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Dan Gemeinhart interviews Teri Fink about her new novel, The Clovis Dig

By on April 25, 2021 in Arts with 0 Comments
Teri Fink and Dan Gemeinhart at a book signing in 2019 at A Book for All Seasons in Leavenworth. Teri was signing a copy of her first novel, Invisible by Day.

(Editor’s note: Dan Gemeinhart is the author of five novels for young readers: The Remarkable Journey of Coyote Sunrise, Good Dog, Scar Island, Some Kind of Courage and The Honest Truth, which was a New York Times Editors’ Choice selection. Dan sat down with novelist Teri Fink to talk about her newest novel, The Clovis Dig, which will be released May 1.

Dan Gemeinhart: This is a very local story in the best sense, grounded in the places, history and culture of our Wenatchee Valley. What were some of the challenges and joys of writing such a locally-rooted story?

Teri Fink: They say write about what you know. When I sat down to write The Clovis Dig I knew first-hand about the time, the place, and the dig itself. 

The novel was inspired by the real Richey/Roberts Clovis Cache. In the late 1980s ancient artifacts were uncovered in an East Wenatchee apple orchard. 

As for experiencing the history and culture of the Wenatchee valley, I’ve lived in Wenatchee for most of my life. I grew up literally surrounded by apple orchards — including apple trees in our back yard. I worked in orchards and at Columbia Fruit during my teenage years, and at WSU Tree Fruit Research my first year out of college.  

Dan: Although this is a fiction story, it is based on actual events, places and culture. How much research did you have to do to get the story right, and how much creative liberty did you take with the factual history?

Teri: I took a huge amount of creative liberty. This novel is definitely not meant to be a fictionalized re-telling of what actually happened. It’s pure creative fiction. 

As for researching the book, I toured the Richey/Roberts dig when it was going on. I kept all the news articles that were printed at the time, including Wenatchee World stories and a National Geographic magazine that featured the dig.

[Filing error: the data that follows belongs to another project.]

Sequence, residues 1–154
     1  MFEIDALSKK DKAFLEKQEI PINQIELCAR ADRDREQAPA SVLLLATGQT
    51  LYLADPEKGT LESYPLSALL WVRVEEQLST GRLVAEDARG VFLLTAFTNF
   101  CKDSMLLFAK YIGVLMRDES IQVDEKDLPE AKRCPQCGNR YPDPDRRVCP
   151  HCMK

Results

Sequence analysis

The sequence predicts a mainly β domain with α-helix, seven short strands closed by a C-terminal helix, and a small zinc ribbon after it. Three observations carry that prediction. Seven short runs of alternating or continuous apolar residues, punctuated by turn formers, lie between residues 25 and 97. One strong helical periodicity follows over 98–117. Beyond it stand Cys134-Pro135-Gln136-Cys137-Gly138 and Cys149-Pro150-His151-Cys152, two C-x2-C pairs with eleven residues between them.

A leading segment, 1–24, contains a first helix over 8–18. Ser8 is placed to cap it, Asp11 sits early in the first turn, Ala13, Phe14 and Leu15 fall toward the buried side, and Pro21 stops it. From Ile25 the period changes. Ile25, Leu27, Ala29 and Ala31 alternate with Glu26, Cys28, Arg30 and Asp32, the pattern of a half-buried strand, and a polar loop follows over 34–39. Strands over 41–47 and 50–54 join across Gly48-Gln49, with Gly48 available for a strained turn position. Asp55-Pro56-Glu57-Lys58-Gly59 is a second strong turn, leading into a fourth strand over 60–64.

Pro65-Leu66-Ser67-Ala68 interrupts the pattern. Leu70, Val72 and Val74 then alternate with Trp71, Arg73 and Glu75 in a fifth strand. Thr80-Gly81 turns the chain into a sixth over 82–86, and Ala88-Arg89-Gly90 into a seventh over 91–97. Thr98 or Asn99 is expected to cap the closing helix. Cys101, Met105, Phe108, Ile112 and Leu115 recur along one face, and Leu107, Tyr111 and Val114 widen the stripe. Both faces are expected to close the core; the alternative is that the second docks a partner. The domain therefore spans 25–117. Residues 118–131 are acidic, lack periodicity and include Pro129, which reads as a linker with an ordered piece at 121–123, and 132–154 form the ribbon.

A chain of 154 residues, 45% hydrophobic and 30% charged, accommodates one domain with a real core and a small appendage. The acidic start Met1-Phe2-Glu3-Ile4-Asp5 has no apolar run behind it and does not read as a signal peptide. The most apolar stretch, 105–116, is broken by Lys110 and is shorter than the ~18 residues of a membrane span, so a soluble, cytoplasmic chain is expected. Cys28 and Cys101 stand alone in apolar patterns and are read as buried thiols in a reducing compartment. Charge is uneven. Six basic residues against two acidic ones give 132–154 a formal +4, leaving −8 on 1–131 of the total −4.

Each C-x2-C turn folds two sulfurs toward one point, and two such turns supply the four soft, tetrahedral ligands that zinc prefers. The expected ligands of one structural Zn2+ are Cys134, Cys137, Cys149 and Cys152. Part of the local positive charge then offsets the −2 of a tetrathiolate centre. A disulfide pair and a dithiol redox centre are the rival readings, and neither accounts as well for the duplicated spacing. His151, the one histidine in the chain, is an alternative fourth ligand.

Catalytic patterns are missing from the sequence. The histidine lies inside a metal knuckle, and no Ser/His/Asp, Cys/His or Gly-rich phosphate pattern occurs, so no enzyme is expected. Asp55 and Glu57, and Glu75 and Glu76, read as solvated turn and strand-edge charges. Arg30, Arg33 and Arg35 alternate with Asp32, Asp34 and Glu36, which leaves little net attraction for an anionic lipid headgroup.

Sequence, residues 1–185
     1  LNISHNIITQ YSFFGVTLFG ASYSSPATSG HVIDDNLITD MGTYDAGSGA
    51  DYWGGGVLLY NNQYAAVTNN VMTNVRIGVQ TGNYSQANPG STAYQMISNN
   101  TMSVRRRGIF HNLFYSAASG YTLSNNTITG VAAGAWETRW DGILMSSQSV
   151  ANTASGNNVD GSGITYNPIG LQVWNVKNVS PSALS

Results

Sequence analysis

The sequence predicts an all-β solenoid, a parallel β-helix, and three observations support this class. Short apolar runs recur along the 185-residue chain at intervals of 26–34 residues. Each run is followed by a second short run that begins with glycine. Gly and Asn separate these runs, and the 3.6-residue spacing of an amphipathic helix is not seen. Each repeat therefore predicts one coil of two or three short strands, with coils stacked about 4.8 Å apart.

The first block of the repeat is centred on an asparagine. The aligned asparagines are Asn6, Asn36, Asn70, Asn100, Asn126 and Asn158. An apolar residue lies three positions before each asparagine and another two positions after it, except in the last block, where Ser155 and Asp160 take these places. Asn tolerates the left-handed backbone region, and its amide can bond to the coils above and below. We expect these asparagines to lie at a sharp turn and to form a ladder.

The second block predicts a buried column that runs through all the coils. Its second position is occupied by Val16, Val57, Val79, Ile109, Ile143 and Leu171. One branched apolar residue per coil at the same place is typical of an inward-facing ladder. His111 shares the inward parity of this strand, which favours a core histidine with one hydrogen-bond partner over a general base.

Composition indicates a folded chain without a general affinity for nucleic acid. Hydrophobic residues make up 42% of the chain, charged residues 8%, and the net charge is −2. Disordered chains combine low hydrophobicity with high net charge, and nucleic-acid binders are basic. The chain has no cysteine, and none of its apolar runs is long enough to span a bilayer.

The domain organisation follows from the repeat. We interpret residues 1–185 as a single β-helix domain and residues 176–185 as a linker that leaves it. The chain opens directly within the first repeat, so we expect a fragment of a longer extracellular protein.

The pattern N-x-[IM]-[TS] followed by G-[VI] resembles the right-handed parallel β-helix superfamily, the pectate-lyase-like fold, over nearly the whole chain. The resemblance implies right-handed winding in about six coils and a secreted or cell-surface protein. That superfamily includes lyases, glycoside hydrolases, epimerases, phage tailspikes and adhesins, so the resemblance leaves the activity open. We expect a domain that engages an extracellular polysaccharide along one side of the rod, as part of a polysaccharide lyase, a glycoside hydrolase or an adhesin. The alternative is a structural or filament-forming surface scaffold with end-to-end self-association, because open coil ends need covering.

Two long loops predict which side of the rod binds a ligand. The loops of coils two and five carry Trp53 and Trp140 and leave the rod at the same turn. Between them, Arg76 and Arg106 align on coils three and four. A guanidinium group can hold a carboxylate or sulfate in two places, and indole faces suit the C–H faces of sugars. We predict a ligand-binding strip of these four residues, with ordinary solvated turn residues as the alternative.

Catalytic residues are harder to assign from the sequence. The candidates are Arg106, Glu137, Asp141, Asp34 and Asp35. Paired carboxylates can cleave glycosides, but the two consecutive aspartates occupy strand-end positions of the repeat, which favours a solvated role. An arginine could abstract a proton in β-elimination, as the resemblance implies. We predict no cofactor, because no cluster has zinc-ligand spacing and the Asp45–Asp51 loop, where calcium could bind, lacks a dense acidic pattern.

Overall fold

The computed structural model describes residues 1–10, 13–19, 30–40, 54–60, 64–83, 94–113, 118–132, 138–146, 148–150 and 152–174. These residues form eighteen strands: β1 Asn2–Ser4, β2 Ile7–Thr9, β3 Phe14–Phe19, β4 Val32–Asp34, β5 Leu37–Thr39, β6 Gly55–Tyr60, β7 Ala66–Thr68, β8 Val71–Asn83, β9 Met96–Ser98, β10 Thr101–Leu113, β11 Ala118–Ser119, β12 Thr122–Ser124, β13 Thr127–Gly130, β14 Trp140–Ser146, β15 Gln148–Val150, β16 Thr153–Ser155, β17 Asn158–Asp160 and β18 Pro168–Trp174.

Later, after the first couple of drafts were written, the internet came along, and I was able to research more about the science and archaeology, about other Clovis discoveries in the U.S., and about Native American history in our region. 

Also, just as I was finishing up the novel, the Icicle Creek Center for the Arts came out with a film called The Winter’s Tale. In the film, oral historian Randy Lewis tells the legend of a ferocious dragon named Spexman, and how the dragon is defeated by twin brothers using spears tipped with Clovis points.

Geologist Nick Zentner talks about the geology of our area. He explains that volcanic ash from Glacier Peak, which erupted 13,000 years ago, covered our area — up to a foot deep around Chelan. That ash layer helped date the Clovis cache. 

I included parts of the legend and geology from the film into the novel.

Dan: This is, among other things, a richly cross-cultural story. How did you approach telling the stories of other peoples and cultures? Did you reach out to local Latinx and/or native people to get their perspective?

Teri: I did reach out to people, but living and working in the area for so many years brought me into contact with folks from many walks of life and ethnic backgrounds. 

The Clovis Dig is a cultural merging of characters, in part, because that’s what I experienced growing up and living here. 

When I was a child, many of the migrant workers traveled from the American south, particularly Arkansas and Oklahoma, to pick fruit. Then migrants began arriving from Mexico.